Luckily we are able to detect the presence of a reverse proxy through the php $_SERVER environment variables.

Learn more about your SSL proxy server

Even if you know that your web hoster offers a SSL proxy it is not clear which proxy server product is used. It will most likely be Apache/mod_proxy, but there is a chance that it might be a different product. You should find out about it because not all products can be detected in the same way.

If it is not documented which kind of SSL proxy server is used you may be able to detect the type of the reverse proxy through the HTTP header that the proxy sends you if you request a page that does not exist.

If you use Mozilla Firefox you can install the browser extension LiveHTTPHeaders to  view the HTTP header. Example: Your SSL proxy host name is

ssl.mysslproxy.com

Normally you reach your website through the proxy via

https://ssl.mysslproxy.com/www.mydomain.com

But to see the SERVER-String of the proxy you have to request a page from the proxy that is not part of your own domain (or any other domain). You just want to be sure that the page you request now comes straight from the proxy and is not passed through the proxy from another web server. The safest solution is to ask for a page that does not exist. It could look like this:

https://ssl.mysslproxy.com/this-page-definitly-doesnt-exist.html

Use Firefox with LiveHTTPHeaders to request the described kind of non existing page. Right click on the web page (probably a 404 error message) and choose “View Page Info” from the context menu. The extension has inserted a tab called “Header” into the tab strip. Within this tab you will find the table “Response”. In there hopefully is a row with the parameter “SERVER” and a value for it.

If you’re lucky you will find out that the proxy server is based on Apache/mod_proxy with OpenSSL. Then it should like this line:

Apache/x.x.x (Unix) Debian GNU/Linux mod_ssl/x.x.x OpenSSL/x.x.x

(The x’s are placeholders for version numbers.)

Detect Apache/mod_proxy using PHP

The Apache module mod_proxy adds three lines to each HTTP header that is sent to the ordinary web server as part of each request.  Those requests contain (amongst others) three special parameters in the HTTP header (the values of these parameters are explained below):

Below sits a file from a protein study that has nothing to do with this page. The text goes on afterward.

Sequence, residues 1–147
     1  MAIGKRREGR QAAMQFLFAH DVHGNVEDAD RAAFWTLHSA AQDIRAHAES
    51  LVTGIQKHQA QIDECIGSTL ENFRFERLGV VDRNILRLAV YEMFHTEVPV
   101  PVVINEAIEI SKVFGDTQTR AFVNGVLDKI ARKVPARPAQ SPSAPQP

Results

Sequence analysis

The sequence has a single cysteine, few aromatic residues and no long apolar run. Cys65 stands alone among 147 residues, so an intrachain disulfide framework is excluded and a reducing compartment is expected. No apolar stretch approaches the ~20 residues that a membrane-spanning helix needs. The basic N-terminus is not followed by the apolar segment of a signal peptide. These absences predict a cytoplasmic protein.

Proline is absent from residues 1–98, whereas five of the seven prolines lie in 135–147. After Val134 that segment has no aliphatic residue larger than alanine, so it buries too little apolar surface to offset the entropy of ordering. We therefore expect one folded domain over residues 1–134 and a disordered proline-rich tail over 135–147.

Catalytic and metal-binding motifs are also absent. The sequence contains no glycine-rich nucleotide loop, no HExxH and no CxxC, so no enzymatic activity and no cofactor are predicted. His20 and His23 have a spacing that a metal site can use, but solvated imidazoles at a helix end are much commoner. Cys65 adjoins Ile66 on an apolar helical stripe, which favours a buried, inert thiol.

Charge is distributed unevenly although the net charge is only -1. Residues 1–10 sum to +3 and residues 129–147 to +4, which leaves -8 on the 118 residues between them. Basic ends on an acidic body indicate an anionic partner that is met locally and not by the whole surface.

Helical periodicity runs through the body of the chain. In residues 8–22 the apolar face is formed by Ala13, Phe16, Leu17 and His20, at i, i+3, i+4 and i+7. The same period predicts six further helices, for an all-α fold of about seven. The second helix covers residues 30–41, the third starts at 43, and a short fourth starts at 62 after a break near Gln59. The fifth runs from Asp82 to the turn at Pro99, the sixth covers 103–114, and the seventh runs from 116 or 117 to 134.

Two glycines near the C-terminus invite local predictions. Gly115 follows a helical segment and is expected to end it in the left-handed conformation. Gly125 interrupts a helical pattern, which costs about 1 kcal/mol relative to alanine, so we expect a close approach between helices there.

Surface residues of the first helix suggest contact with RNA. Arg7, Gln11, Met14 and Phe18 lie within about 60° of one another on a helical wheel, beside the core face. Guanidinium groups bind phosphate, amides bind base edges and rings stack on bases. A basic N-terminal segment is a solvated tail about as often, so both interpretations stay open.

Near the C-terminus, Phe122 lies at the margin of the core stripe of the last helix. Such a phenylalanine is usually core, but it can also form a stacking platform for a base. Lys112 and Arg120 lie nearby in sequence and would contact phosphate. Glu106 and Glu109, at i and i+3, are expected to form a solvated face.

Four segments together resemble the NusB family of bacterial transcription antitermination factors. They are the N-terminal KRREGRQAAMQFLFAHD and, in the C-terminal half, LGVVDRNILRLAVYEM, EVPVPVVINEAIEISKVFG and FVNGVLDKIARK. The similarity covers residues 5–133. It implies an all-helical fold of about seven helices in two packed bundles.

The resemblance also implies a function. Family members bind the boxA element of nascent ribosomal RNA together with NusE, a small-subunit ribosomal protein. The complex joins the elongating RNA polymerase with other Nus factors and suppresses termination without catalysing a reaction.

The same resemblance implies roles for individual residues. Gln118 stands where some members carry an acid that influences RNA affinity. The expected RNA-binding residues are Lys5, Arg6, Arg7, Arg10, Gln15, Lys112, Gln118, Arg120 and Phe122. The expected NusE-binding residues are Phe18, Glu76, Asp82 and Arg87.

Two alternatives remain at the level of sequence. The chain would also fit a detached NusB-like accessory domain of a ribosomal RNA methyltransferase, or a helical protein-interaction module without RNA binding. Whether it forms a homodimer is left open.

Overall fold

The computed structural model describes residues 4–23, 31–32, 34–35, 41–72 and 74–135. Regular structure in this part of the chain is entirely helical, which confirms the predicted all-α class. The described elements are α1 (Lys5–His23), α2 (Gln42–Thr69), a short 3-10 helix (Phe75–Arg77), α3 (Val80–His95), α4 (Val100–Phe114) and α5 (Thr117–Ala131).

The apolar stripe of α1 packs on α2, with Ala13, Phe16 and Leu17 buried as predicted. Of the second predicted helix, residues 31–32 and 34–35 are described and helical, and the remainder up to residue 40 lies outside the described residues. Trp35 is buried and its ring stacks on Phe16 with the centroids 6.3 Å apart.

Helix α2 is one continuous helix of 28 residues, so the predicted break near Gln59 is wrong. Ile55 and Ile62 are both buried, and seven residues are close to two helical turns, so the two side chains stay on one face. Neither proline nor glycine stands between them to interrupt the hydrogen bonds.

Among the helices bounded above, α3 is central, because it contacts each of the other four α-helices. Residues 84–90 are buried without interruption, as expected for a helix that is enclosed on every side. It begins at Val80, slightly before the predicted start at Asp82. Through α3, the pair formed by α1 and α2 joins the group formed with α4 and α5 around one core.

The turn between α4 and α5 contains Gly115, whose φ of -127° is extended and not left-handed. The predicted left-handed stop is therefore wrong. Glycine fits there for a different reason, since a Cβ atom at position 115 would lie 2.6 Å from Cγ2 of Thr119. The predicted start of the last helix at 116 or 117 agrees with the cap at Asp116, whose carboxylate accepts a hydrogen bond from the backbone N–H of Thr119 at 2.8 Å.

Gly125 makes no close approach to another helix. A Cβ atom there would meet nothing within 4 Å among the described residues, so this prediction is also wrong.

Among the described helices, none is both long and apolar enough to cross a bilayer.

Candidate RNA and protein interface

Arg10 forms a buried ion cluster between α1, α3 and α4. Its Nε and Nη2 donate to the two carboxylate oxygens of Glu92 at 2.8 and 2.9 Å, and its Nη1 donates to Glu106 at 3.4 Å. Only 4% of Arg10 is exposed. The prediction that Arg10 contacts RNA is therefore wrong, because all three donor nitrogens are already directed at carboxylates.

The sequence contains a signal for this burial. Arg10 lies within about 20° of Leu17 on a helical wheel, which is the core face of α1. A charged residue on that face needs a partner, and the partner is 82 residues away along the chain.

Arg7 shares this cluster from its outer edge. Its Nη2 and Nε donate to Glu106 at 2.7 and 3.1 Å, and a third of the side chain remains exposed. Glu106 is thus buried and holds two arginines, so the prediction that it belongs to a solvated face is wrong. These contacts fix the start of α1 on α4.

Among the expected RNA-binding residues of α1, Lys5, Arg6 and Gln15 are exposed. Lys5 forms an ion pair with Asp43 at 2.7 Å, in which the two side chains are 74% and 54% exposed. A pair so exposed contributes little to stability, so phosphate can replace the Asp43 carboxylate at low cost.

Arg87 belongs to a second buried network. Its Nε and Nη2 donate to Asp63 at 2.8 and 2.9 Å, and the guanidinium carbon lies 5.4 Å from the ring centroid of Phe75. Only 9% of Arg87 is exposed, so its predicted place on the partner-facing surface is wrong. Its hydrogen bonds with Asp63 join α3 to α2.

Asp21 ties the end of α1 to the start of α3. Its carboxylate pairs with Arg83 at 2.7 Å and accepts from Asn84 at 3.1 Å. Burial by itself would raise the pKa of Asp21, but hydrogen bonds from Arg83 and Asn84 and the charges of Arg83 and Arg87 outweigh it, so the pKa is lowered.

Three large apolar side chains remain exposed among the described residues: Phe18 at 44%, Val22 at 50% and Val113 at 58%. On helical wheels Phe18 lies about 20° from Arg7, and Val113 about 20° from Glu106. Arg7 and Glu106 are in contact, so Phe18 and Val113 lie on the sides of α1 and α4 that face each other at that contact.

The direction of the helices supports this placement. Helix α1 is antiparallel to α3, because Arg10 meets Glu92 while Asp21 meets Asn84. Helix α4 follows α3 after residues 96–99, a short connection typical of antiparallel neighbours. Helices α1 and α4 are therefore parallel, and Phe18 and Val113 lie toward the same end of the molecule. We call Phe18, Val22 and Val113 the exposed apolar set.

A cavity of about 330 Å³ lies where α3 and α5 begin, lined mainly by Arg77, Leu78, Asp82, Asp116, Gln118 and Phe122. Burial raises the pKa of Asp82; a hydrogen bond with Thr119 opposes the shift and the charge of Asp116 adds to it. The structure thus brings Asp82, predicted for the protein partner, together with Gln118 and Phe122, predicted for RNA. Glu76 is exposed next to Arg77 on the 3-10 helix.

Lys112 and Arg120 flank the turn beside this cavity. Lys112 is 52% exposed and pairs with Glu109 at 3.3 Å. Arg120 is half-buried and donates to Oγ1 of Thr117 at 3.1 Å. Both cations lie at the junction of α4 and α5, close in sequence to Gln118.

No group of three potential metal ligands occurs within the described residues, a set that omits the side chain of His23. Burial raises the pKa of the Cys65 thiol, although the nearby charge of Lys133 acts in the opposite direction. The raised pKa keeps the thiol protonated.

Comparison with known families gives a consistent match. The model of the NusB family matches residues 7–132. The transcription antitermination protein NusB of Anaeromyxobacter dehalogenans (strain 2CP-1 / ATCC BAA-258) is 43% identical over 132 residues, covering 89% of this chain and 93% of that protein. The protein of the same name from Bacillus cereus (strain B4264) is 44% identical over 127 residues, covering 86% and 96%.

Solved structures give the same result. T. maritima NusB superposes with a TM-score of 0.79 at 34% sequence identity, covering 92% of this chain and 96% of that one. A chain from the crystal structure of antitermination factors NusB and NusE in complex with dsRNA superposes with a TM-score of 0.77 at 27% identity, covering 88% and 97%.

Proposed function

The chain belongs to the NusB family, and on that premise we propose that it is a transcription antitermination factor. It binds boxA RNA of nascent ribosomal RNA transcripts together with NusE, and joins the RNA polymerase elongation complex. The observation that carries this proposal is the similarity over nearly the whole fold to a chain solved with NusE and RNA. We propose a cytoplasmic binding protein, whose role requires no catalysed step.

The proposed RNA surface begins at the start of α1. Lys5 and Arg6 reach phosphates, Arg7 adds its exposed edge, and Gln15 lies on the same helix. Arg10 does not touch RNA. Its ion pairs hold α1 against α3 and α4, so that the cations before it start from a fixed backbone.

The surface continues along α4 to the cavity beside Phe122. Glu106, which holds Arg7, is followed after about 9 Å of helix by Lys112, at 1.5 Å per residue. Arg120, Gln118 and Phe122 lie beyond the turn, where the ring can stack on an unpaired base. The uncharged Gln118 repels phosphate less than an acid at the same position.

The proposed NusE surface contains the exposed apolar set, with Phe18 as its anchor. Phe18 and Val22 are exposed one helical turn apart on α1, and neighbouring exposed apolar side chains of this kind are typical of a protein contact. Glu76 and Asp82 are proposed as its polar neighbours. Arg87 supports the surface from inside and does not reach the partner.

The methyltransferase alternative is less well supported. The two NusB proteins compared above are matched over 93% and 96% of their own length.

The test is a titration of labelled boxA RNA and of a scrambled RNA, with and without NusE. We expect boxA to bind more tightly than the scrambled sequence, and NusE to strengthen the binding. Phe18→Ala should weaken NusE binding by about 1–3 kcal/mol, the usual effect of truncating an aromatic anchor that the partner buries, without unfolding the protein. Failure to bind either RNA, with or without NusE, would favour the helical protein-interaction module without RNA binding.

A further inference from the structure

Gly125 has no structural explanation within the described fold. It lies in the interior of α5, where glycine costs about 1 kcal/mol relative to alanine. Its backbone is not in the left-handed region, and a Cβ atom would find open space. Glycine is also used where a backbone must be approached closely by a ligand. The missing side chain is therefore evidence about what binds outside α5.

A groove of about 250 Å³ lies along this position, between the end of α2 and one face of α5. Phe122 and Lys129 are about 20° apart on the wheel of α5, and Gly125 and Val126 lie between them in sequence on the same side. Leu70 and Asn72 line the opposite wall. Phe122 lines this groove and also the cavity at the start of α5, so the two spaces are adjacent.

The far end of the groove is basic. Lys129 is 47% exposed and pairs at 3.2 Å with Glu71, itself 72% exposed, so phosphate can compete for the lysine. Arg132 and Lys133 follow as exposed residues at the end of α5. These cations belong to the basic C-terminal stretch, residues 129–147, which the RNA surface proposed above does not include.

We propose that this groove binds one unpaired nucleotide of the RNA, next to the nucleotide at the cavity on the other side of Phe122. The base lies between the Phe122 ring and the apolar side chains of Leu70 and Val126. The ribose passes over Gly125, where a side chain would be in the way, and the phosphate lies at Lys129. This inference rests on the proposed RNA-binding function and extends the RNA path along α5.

If you are curious where these lines come from please take a look at the source code of the Apache module proxy/mod_proxy_http. Search for the string “X-Forwarded”, for example in the file mod_proxy_http.c.

If these HTTP headers are present, the ordinary web server turns them into three server variables to make them accessible for us through the PHP array $_SERVER. We have to use these array entries to detect the presence of the Apache based reverse proxy:

But we must not trust the assumption that the request came from our reverse proxy just because these three parameters are there and their values look all right. The content of these values can easily be faked using any other reverse proxy server or – even easier – using tools to generate HTTP requests like cURL.

To make sure that only the expected reverse proxy is talking with our TYPO3 system we have to check if the IP address in REMOTE_ADDR is the one of our proxy server.

However we are not able to see if the reverse proxy encrypted the web page before it was delivered. (This is important, because we have to be aware to not only think of the protocol HTTPS, because it could be just an HTTP reverse proxy.)

Other proxy server products (Squid, Varnish, …)

Besides Apache/mod_proxy there are many other proxy server products that are dedicated reverse proxy servers (Varnish) or may be used as a reverse proxy (Squid). But when a SSL proxy is needed, Apache/mod_proxy will most likely be the choice. Sqid and Varnish don’t support HTTPS natively, other tools have to be used in addition to achieve that.

My impression is: The HTTP header entries created by Apache/mod_proxy I listed above may not be the same using other proxy servers. So the code snippet below may only work if Apache/mod_proxy is used as a proxy server.

The header “X-Forwarded-For” seems to be used by all three proxy servers. But it seems that Squid and Varnish don’t use “X-Forwarded-Host” and “X-Forwarded-Server”. For further information please check the Squid sources, especially the file  HttpHeader.c, or the source code of Varnish.

What needs to be changed in TYPO3?

The most important function for our purpose is function getIndpEnv($getEnvName) in class.t3lib_div.php (linked is the trunk version in repository).

This function is responsible for providing all information of the web server’s environment that TYPO3 needs to know (independent from which web server is being used). All the spots where the function relies on the value of variable HTTP_HOST are failing in case of a SSL proxy. Those parts have to be changed to make them aware of the SSL proxy. This is the case with at least the following parameters handed over to the function via $getEnvName:

Besides these the processing of more values has to be changed even if they don’t contain the host name:

Workaround to test the backend through a SSL proxy

The following instructions are meant as a temporary workaround to make it easy to enable SSL Proxy backend support for testing purposes on your TYPO3 4.1.1 installation without the need to change a lot of coding in a lot of different places. The patch provided below will only change class.t3lib_div.php.

The existing function getIndpEnv() will be renamed to getIndpEnvClassic(). A new wrapper function named getIndpEnv() will be added that will return the values needed for successfully using a SSL proxy. If no reverse proxy is detected the wrapper function will then call the function getIndpEnvClassic().